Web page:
I was crossing the Throgs Neck Bridge when I first heard authenticity defined. I was listening to Seth Godin’s “All Marketers are Liars”. I understood the world was changing for business. This was before the big Facebook revolution, but it was close. I knew the noise was becoming both a detriment and a opportunity. The Seth Godin audiobook was the key to the new wave of marketing.
Seth (I’ve emailed him four times so I can refer to him in the first person) discusses that being authentic is not about being absolutely factual, or even 100% truthful. It’s about what rings true to your audience and in the end, your client satisfaction.
Seth tells the story of Riedel glassware. Riedel carries with it the idea that drinking from it makes the wine taste better. IS there any scientific proof? Abolutely not. Do Riedel clients enjoy their wine more and talk about the glassware? That’s really the only question that matters.
Every business and movement has a story. The parts that we tell and shape and tell again are our authenticity.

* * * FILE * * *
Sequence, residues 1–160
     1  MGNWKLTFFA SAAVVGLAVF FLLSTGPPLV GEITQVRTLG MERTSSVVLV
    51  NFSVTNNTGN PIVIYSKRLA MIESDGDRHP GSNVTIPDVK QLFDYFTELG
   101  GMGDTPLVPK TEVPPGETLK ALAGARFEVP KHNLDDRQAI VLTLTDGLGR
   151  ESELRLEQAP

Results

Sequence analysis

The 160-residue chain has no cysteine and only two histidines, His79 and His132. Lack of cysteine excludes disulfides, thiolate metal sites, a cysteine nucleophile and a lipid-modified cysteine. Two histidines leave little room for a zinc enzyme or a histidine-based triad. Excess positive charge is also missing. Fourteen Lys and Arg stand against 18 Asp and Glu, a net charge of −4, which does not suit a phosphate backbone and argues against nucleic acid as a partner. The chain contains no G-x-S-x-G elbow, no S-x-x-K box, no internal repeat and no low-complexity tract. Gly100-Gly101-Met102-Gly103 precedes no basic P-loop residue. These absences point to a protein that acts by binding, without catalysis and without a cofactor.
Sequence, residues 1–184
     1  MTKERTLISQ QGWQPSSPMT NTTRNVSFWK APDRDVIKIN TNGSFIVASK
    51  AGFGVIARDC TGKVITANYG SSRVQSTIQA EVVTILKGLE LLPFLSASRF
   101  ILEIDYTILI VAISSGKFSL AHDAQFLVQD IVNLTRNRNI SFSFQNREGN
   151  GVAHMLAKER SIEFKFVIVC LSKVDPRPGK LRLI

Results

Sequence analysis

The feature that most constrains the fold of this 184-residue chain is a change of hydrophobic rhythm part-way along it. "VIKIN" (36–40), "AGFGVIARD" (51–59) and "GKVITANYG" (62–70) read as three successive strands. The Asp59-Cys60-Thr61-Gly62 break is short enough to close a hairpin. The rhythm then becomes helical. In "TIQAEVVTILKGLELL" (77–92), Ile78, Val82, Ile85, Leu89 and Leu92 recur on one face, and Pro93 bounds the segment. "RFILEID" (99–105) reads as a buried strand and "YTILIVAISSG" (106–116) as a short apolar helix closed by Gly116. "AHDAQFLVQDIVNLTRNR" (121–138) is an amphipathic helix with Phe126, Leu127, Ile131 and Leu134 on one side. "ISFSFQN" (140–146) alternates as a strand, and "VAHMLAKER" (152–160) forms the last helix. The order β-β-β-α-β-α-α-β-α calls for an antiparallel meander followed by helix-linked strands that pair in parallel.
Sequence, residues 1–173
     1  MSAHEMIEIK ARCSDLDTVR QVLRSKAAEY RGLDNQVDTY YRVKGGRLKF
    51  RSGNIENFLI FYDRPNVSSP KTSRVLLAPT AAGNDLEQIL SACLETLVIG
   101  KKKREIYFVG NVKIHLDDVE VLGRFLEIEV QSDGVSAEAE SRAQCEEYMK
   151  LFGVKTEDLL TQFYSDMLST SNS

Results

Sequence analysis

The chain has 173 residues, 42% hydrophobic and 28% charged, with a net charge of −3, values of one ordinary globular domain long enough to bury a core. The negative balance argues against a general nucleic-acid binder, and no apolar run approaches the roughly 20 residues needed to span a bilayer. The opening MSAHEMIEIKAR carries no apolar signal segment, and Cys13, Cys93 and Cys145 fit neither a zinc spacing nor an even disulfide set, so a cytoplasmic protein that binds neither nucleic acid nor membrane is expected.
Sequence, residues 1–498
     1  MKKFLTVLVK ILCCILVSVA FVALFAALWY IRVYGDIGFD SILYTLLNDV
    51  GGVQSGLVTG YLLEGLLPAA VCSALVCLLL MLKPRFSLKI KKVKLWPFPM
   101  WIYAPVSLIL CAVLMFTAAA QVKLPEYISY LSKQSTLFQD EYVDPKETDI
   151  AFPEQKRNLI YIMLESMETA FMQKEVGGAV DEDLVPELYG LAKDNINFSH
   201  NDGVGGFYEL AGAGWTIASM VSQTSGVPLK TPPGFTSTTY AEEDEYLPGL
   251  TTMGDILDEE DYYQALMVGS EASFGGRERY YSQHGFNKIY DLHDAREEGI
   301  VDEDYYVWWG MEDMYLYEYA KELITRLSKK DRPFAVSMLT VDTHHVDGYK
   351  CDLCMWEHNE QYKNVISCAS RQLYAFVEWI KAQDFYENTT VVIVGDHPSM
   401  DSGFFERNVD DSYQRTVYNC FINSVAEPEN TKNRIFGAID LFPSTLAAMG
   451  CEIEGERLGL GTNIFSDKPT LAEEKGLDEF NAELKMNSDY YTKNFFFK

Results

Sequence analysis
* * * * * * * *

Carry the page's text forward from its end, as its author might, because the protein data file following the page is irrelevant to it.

The reason the light bulb went off in my head was that I realized with all of the tools provided by the internet, we can now tell that story, listen to the response and hone it over and over again. The development and spreading of our authentic story can happen with precise direction and speed.
As a small business you can get super personalized on your story and tell it to the right audience, because you have the means to spoon feed it to them. Give them sips of your story on Facebook, a little when they are googling you, a little on Twitter, a little through some emails. Listen to what they say and adapt the story telling method.
It’s a big mindset to wrap your head around. Authenticity does not mean absolute fact. It means telling stories that are remarkable to your ideal audience.
Living and breathing an authentic story is the best way to survive in a conversation-rich world. – Seth Godin